First Look

March 25, 2014

The Entrepreneurial Advantage Of Hot Men

What attracts venture investors to certain entrepreneurs? Intelligence, experience, and a successful track record never hurt. Now you can add physical attractiveness to the list. And gender. Research by Alison Wood Brooks and colleagues shows that an attractive male can be more persuasive to investors than either female entrepreneurs or less-attractive men. "Investors Prefer Entrepreneurial Ventures Pitched by Attractive Men" is being published in Proceedings of the National Academy of Sciences.

The Business Of Oktoberfest

Oktoberfest in Cincinnati? Turns out the popular German festival is celebrated around the world, according to a new case study by Juan Alcácer, Christian Bettinger, and Andreas Philippi. The case explores the economic benefit delivered by the festival to its sponsors, and asks whether opportunities exist to capture more value globally.

Gates, Set, Match?

Former tennis star Andre Aggasi and megainvestor Bill Gates are at the center of a case exploring the conflicting goals of a not-for-profit foundation and a for-profit charter school fund. The Bill & Melinda Gates Foundation is hesitant to make an equity investment in the Canyon-Agassi Charter School Facilities Fund. "As (fund raiser Charles) Turner and Agassi walked off the court, they realized they would have to go back to the drawing board to better gauge which investors would have an appetite for this type of investment and how best to market the fund to those parties going forward." The case, "Canyon-Agassi Investing in Charter Schools," was written by Nicolas P. Retsinas, Nicole Shomair, Vernon Beckford, and Lisa Strope.

— Sean Silverthorne


  • August 2013
  • Palgrave Macmillan

The Political Economy of Empire in the Early Modern World

By: Reinert, Sophus A., and Pernille Røge, eds.

Abstract—This volume recasts our understanding of the practical and theoretical foundations and dynamic experiences of early modern imperialism. The imperial encounter with political economy was neither uniform across political, economic, cultural, and religious constellations nor static across time. The contributions collected in this volume address, with undeniable pertinence for the struggles of later periods, the moral and military ambiguity of profits and power, as well as the often-jealous interactions between different solutions to the problem of empire. The book presents a powerful mosaic of imperial theories and practices contributing to the creation of the modern world and to the most pressing concerns of our time.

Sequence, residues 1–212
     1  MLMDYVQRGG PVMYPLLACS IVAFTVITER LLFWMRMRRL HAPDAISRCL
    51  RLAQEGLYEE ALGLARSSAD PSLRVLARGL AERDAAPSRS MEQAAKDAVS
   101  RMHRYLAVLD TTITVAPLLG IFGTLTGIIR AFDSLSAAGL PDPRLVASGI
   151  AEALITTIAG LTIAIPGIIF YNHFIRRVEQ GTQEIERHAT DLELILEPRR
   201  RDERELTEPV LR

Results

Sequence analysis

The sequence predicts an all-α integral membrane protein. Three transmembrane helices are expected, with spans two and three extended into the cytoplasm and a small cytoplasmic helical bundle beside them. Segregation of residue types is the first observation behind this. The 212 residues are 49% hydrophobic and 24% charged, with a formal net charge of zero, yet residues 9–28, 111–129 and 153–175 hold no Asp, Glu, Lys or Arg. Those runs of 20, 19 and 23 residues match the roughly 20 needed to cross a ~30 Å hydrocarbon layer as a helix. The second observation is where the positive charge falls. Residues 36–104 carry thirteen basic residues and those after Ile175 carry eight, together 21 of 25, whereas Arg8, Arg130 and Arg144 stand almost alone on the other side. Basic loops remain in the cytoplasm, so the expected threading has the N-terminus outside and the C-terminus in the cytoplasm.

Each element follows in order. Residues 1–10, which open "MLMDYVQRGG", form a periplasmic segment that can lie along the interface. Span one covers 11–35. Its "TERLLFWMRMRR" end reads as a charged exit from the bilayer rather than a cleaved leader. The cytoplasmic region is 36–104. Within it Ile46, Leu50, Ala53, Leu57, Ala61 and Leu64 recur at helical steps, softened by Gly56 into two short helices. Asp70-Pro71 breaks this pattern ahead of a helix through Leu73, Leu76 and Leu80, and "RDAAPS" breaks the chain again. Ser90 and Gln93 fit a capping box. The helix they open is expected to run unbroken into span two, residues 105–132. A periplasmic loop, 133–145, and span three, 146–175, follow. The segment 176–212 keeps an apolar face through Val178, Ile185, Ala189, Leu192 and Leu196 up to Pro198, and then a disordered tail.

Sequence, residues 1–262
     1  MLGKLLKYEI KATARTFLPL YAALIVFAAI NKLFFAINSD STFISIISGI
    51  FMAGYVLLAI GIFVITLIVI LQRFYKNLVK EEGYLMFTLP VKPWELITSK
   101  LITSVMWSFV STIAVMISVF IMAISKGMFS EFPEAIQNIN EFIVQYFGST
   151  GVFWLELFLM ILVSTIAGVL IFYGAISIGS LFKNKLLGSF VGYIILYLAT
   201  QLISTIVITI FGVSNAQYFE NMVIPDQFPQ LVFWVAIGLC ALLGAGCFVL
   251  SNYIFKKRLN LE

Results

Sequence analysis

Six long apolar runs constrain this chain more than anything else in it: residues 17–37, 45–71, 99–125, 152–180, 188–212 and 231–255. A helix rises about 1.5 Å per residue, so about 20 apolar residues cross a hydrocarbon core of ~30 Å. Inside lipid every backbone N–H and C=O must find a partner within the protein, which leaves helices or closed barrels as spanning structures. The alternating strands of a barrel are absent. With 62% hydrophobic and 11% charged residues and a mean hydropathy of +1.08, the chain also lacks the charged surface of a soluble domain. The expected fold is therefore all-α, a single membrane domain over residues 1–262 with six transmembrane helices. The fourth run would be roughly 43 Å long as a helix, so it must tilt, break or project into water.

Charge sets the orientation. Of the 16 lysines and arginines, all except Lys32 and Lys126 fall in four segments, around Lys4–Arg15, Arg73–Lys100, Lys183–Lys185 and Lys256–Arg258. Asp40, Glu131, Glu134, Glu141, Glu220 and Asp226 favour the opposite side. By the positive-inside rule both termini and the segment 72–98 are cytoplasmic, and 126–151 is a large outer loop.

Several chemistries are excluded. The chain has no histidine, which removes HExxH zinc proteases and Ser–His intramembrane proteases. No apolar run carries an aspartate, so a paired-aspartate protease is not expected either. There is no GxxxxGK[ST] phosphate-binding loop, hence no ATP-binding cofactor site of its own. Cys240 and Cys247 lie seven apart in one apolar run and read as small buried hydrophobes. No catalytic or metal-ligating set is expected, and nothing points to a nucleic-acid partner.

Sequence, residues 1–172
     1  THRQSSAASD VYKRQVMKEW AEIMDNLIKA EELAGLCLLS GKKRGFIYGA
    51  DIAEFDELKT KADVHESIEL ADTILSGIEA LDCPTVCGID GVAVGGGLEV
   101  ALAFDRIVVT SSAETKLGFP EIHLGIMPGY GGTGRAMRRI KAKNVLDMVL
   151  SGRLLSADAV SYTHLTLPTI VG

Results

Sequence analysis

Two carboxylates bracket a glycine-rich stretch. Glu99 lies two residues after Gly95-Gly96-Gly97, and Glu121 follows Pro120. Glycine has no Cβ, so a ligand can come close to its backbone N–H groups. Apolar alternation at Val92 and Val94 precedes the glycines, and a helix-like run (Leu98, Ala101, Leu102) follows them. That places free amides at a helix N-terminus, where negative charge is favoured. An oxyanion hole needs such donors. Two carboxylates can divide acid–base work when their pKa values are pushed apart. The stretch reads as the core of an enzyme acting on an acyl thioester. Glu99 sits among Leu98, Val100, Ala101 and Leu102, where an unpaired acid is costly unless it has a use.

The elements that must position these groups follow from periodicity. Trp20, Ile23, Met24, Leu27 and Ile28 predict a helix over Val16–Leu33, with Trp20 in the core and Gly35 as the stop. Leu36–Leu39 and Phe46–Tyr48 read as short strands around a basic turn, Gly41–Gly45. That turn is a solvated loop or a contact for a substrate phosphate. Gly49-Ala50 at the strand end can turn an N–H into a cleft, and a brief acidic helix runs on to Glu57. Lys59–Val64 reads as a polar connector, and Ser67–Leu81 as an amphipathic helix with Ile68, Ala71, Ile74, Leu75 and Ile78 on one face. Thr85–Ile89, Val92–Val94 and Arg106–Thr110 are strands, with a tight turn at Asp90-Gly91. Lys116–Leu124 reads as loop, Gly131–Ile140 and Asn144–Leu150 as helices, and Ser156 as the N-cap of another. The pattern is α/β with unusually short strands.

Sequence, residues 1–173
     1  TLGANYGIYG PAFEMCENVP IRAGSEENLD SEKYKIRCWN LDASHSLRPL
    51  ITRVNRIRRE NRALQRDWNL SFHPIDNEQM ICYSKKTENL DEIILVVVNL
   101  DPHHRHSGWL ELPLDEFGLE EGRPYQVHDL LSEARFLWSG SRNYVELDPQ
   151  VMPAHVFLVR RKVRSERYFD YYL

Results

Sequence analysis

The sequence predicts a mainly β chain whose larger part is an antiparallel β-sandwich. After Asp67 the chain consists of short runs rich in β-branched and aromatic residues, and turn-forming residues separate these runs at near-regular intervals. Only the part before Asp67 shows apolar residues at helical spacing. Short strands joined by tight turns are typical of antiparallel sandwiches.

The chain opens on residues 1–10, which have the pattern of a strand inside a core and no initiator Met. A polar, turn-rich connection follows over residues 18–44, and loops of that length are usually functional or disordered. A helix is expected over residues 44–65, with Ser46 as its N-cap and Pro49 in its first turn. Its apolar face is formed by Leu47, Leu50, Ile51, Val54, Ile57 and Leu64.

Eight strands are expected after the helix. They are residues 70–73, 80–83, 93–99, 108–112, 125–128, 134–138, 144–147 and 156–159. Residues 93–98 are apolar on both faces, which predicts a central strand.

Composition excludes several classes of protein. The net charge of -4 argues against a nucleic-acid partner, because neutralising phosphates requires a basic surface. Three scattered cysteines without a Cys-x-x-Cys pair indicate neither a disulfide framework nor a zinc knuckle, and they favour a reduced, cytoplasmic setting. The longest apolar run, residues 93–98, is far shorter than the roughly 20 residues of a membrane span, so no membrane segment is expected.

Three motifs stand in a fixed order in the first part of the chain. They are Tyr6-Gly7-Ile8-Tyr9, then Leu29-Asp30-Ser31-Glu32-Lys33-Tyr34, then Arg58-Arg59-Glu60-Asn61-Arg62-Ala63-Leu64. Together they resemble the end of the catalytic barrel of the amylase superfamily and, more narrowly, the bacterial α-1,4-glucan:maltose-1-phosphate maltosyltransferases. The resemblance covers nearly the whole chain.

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  • August 2013
  • Proceedings of the National Academy of Sciences

Investors Prefer Entrepreneurial Ventures Pitched by Attractive Men

By: Brooks, Alison Wood, Laura Huang, Sarah Wood Kearney, and Fiona Murray

Abstract—Entrepreneurship is a central path to job creation, economic growth, and prosperity. In the earliest stages of start-up business creation, the matching of entrepreneurial ventures to investors is critically important. The entrepreneur's business proposition and previous experience are regarded as the main criteria for investment decisions. Our research, however, documents other critical criteria that investors use to make these decisions: the gender and physical attractiveness of the entrepreneurs themselves. Across a field setting (three entrepreneurial pitch competitions in the United States) and two experiments, we identify a profound and consistent gender gap in entrepreneur persuasiveness. Investors prefer pitches presented by male entrepreneurs compared with pitches made by female entrepreneurs, even when the content of the pitch is the same. This effect is moderated by male physical attractiveness: attractive males were particularly persuasive, whereas physical attractiveness did not matter among female entrepreneurs.

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  • August 2013
  • The Cambridge History of Capitalism: Volume 2. The Spread of Capitalism: From 1848 to the Present

Firms and Global Capitalism

By: Jones, Geoffrey

Abstract—This chapter forms part of the two-volume Cambridge History of Capitalism, a definitive new reference work that traces the history of capitalism from its origins to the present day. The chapter focuses on the role of business enterprises as powerful actors in the spread of global capitalism after 1848 and up the present day. It shows how multinational firms have created and co-created markets and ecosystems through their ability to transfer financial, organizational, and cultural assets, as well as skills and ideologies across borders. The chapter argues that capitalism proved much better than political leaders in building institutions that coordinated activities across borders, but also points to the historical evidence concerning disappointing and sometimes negative outcomes in knowledge and technology transfer. Business enterprises emerge both as important drivers of international economic growth and as significant agents in the divergent patterns of wealth and poverty that have characterized the last two centuries.

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  • August 2013
  • Science

A Better Route to Tech Standards

By: Lerner, Josh, and Jean Tirole

Abstract—Technological standards are ubiquitous, whether they allow consumers to communicate seamlessly across wireless networks or manufacturers to procure goods across complex global supply chains. These standards-shaped by standard-setting organizations (SSOs) and participating engineers, academics, lawyers, and executives-in turn shape how new technologies evolve, specifying rules for how standard-compliant products must work and interact with other components. This standardization process is under tremendous stress. Many disputes roiling courts and administrative bodies around the world-such as those involving Apple, Google, Microsoft, and Samsung-concern commitments made during the standardization process and the ways that firms have sought to "game" the system. We explore why the system is breaking down and propose a way in which standard setting could be redesigned to address these problems.